Peer Provider Research Study

Louise Byrne, PhD, recently visited Crestwood Behavioral Health as part of a peer provider research study she is working on in the United States. Louise who has lived experience, is from Australia and based at Yale University. She is conducting research as part of a Fulbright Scholarship, which emphasizes exchange of knowledge and learning about local culture, that includes traveling to many different states and learning about the types of services provided by different organizations.

The purpose of her research study is to gain information about how to support the peer workforce more effectively within organizations, particularly those organizations with a multi-disciplinary workforce. The organizations for the study were selected by first bringing together an advisory group of experts from across the United States. This group was asked to nominate five organizations with a multi-disciplinary workforce, including peers, that “demonstrated commitment to the effective employment of peer workers.” Crestwood, as one of the leaders in peer provider services, was one of the organizations that was chosen to be part of the study. At each organization’s site visits, Louise spoke with people in management roles, traditional mental health roles/clinicians and peers. The range of organizational types was deliberately broad, including County Behavioral Health Departments, managed care, private and not-for-profit. The sites were located throughout the United States and served different types of communities from metropolitan to rural.

Louise Byrne, PhD, visiting the Crestwood Sacramento Home Office as part of her Peer Provider Research Study (R to L) Patty Blum, Louise Byrne, Mertice “Gitane” Williams, George Lytal.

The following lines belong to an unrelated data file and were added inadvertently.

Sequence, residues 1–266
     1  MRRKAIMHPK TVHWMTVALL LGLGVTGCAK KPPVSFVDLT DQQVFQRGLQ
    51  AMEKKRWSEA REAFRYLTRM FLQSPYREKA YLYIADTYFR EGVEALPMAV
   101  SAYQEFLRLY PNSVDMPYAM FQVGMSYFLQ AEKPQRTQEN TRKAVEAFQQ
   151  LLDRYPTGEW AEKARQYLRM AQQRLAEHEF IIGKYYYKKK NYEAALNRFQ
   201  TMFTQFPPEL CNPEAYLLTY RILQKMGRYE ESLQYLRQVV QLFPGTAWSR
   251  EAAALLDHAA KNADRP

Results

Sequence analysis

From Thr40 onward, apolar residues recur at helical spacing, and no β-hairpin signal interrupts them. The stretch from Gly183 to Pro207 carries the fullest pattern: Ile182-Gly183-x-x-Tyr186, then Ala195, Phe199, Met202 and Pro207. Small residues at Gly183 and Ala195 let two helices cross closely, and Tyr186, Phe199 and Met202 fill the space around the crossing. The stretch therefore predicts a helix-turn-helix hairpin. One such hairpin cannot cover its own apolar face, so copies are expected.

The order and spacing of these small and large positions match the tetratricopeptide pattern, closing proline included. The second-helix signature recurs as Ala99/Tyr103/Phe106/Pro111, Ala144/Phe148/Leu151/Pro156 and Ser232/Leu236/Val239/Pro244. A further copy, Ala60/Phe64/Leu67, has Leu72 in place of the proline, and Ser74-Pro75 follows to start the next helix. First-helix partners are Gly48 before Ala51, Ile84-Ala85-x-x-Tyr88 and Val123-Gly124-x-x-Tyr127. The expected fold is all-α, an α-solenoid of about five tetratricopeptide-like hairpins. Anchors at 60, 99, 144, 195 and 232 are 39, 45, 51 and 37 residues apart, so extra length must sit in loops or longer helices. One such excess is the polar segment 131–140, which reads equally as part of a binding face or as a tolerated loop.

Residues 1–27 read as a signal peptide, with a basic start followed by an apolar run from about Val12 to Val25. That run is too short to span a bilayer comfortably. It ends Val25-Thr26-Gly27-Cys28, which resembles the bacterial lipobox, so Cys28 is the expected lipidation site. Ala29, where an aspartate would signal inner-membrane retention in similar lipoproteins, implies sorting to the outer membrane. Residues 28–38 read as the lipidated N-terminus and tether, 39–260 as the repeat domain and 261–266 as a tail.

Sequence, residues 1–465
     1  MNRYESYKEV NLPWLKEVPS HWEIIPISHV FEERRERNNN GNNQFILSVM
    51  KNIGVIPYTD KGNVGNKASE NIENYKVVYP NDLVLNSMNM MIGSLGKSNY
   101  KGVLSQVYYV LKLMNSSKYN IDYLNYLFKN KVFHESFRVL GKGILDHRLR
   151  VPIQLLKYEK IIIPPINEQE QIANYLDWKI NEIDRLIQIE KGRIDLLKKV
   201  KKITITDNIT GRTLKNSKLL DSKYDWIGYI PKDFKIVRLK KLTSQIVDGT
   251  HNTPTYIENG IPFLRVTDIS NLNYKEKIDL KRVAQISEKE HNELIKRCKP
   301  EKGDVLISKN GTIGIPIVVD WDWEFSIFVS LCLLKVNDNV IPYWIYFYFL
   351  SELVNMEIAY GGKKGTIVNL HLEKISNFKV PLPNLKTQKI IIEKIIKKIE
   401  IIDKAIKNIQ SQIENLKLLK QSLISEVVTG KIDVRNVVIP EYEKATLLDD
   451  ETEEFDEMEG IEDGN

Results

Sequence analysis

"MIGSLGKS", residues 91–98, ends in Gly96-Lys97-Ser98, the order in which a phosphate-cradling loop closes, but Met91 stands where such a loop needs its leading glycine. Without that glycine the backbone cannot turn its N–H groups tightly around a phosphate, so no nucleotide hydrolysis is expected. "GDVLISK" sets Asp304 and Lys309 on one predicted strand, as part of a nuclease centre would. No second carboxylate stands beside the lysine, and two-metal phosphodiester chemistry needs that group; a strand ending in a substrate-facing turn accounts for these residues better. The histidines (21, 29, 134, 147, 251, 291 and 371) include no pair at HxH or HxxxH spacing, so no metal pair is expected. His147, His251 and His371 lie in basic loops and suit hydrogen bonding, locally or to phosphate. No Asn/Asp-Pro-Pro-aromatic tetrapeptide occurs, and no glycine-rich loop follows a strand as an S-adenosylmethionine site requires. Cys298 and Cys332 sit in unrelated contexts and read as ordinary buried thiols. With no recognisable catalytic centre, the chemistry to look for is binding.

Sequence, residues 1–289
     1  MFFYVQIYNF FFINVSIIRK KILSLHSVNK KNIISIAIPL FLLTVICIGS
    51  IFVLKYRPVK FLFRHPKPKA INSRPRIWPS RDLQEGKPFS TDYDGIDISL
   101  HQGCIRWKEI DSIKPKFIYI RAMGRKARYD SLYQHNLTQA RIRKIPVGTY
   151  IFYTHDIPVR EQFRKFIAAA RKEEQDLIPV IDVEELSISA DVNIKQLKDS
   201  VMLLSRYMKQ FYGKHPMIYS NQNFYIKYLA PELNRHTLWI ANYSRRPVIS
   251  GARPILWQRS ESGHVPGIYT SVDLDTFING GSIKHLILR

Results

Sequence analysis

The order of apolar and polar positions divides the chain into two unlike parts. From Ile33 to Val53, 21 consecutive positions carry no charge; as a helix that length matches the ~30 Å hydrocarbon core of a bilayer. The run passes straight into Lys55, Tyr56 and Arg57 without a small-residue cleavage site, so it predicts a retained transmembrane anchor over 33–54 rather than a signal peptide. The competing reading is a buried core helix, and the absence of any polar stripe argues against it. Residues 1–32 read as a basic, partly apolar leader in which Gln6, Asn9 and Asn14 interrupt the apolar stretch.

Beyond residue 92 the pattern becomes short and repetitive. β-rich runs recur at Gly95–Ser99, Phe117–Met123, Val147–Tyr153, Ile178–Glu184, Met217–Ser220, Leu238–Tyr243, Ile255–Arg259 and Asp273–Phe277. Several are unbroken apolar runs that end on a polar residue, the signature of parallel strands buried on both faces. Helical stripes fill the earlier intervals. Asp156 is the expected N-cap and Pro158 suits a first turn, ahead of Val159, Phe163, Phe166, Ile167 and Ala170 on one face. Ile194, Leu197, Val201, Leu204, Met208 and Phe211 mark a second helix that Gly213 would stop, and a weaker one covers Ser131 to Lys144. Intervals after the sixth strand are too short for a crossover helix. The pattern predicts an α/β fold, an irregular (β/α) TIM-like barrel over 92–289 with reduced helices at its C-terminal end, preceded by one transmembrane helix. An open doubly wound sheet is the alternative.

During her visit to Crestwood, Louise visited the Crestwood Sacramento Home Office and was invited to tour our Crestwood Recovery and Rehabilitation Center in Vallejo.

She said, “I was provided with a warm and colorful welcome from the Administrator, Minda Bunggay, whose enthusiasm was absolutely infectious! I found that Minda’s sincere commitment to the wellbeing of people staying at Vallejo was evident and reflected in the passion of staff. I was fortunate enough to be guided in my tour by a resident and member of the Dreamcatchers Empowerment Network program, who shared his excitement for what he saw as a wonderful service and, with Dreamcatchers, a wonderful opportunity to gain skills and confidence. Throughout the campus the principles and components of recovery are featured on the walls of the hallways, as are the rights of people accessing mental health services. Beautiful gardens provide a sanctuary that truly felt healing, and the relaxation rooms were fantastic. I could have spent much longer there. While I was there I was told about the impressive schedule of events and got to participate in a drum workshop. As a person with lived experience, Crestwood Vallejo felt like a genuinely warm and nurturing environment.” Louise’s observations about the research study so far are that fairly similar conditions exist in the United States and Australia, where peer work is still struggling to be seen as a necessary part of the wider mental health workforce. She observed, “We still have a long way to go to gain mainstream acceptance, but there were some encouraging pockets where organizations have made a very strong philosophical and financial commitment to the development of peer work and the outcomes for organizations, service users and colleagues in traditional roles were outstanding and very exciting.”

Louise Byrne with Crestwood Recovery and Rehabilitation Center, Vallejo’s staff during her visit to the campus.

Employment of peers has a long history at Crestwood, but expansion from one or two roles to a more robust workforce has become very prominent in the company. This is really encouraging as the data also shows that a few peers in isolation are much less likely to be successful in their roles, whereas a more significant investment provides opportunity for networking/mutual support between peers, for the roles not to be too stretched and for the value of the role to become more apparent within both the workplace and wider community,” observed Louise.

For more information on Louise Byrne’s research study, please visit Research Gate at

Contributed by: Louise Byrne, PhD, RMIT University,

Fulbright fellow/Vice-Chancellors Research Fellow